Turkish President Tayyip Erdogan called his Israeli counterpart Binyamin Netanyahu a “terrorist” on Sunday, escalating an exchange of insults that started after he criticized Israel’s response to a demonstration on the Gazan border.
Israel has defended the killing of 15 Palestinians during Friday’s demonstration and Netanyahu tweeted that the IDF “will not be lectured by those who have indiscriminately bombed civilian populations for years,” referring to Turkey.
Erdogan told supporters on Sunday: “We don’t have the shame of invading on us, Netanyahu. You are an invader and right now are present in those lands as an invader. At the same time, you are a terrorist.”
In another speech he said: “You are a terrorist state. It is known what you have done in Gaza and what you have done in Jerusalem. You have no one that likes you in the world.”
In a later tweet, Netanyahu said: “Erdogan is not accustomed to being answered back to, but he should start getting used to it. He who occupies northern Cyprus, encroaches on Kurdish territory and massacres civilians in Afrin cannot preach to us on values and morals.”
Turkey invaded areas of northern Cypus in 1974 and later annexed the territory in a move not recognized by any other country.
In January this year, Turkey launched an air and ground offensive in the enclave of Afrin in Syria to root out the Kurdish People’s Protection Units (YPG), which Turkey brands a terrorist group, but which is seen by the United States as a key player in the fight against Islamic State terrorists. The U.N. has said that 170,000 people have fled Afrin in the wake of the Turkish offensive. Dozens of civilians have been killed.
Netanyahu earlier Sunday lashed out at Turkey in response to Erdogan’s claim that Israel had mounted an “inhumane attack” on Palestinians during Friday’s mass protests on the Gaza border with Israel.
“The most moral army in the world will not accept moral preaching from someone who for years has been bombing a civilian population indiscriminately,” he said, in apparent reference to Ankara’s ongoing battle against the Kurds.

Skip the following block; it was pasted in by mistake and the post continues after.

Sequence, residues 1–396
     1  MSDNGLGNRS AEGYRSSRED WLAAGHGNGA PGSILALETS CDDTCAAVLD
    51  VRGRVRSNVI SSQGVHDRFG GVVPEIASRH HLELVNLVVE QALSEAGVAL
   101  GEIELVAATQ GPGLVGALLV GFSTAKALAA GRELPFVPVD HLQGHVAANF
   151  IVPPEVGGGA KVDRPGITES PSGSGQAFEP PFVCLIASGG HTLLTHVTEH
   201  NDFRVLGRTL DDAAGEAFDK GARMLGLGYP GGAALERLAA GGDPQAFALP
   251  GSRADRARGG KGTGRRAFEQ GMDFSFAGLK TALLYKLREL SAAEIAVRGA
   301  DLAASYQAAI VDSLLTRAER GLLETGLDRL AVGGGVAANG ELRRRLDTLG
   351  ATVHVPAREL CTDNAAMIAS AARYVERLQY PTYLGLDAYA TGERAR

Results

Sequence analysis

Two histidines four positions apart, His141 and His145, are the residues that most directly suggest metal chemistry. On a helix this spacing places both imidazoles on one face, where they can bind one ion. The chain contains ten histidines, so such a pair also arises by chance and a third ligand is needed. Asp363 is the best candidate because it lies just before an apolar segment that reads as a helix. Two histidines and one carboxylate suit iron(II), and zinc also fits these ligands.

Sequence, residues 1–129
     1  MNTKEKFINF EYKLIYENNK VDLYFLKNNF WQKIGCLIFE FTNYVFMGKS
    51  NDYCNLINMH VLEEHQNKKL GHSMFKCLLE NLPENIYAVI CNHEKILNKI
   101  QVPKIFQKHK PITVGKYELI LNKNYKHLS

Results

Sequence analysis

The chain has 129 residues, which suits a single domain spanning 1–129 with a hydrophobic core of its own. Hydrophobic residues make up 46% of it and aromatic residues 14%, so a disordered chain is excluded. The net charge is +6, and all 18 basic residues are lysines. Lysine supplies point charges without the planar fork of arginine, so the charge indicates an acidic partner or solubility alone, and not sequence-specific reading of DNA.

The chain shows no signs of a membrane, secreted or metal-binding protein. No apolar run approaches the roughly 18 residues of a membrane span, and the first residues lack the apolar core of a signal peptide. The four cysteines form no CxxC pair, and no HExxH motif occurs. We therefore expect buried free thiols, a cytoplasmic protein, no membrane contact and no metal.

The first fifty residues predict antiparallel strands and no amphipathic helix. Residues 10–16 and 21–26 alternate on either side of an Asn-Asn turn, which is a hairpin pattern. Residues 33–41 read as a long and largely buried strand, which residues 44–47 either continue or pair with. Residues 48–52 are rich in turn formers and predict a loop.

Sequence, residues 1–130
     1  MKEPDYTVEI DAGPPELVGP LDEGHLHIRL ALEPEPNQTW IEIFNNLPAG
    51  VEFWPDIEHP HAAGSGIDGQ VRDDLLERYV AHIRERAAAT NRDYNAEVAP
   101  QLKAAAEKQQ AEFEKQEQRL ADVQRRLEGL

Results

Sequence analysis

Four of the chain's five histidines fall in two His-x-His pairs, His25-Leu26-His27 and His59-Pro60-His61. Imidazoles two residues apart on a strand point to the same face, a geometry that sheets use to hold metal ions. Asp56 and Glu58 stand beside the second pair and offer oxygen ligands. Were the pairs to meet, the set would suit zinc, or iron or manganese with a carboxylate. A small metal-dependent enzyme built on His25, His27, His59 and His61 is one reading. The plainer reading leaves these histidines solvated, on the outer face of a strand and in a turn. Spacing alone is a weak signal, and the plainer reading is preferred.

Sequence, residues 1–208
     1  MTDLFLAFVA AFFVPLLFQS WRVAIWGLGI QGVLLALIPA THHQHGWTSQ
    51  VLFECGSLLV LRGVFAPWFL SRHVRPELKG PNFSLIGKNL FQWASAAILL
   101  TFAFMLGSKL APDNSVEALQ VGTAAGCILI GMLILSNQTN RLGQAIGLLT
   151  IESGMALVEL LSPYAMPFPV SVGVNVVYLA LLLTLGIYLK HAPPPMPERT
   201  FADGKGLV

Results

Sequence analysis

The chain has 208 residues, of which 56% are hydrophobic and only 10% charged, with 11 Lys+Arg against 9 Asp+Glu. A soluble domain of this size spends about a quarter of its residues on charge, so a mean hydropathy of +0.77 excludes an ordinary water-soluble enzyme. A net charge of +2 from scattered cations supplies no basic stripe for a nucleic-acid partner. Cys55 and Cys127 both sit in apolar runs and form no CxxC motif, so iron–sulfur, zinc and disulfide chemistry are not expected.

“That’s apparently how Ankara marks April Fool’s Day,” Netanyahu wrote of the Turkish condemnation.
On Friday, some 30,000 Palestinians took part in demonstrations along the Gaza border, during which rioters threw rocks and firebombs at Israeli troops on the other side of the fence, burned tires and scrap wood, sought to breach and damage the security fence, and in one case opened fire at IDF soldiers. 15 Palestinians were killed by Israeli security forces confronting protesters. Hamas said five of them were members of its armed wing. Israel said eight of the 15 dead belonged to Hamas, designated a terrorist group by Israel and the West, and two others belonged to other terror groups.
Hundreds of Palestinian youths ignored calls from the organizers and the IDF to stay away from the frontier and violence broke out.
The IDF said that its sharpshooters targeted only those taking explicit violent action against Israeli troops or trying to break through or damage the security fence.
The IDF accused Hamas of “cynically exploiting women and children” by sending them to the fence.
IDF spokesman Ronen Manelis said on Friday that the IDF faced “a violent, terrorist demonstration at six points” along the fence.
He said the IDF used “pinpoint fire” wherever there were attempts to breach or damage the security fence. “All the fatalities were aged 18-30, several of the fatalities were known to us, and at least two of them were members of Hamas commando forces,” he said.
“We won’t let this turn into a ping-pong zone where they perpetrate a terrorist act and we respond with pinpoint action. If this continues we will not have no choice but to respond inside the Gaza Strip,” Manelis told reporters.
The protest, organised by Hamas and other Palestinian factions, is scheduled to culminate on May 15, the day Palestinians commemorate what they call the “Nakba” or “Catastrophe” when the state of Israel was created.